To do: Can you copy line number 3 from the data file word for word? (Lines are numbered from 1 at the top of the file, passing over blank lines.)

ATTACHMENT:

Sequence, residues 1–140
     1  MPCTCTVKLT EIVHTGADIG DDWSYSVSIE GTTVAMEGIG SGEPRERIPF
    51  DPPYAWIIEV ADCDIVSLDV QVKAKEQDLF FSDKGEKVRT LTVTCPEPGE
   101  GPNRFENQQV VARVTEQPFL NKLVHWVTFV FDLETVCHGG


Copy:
    51  DPPYAWIIEV ADCDIVSLDV QVKAKEQDLF FSDKGEKVRT LTVTCPEPGE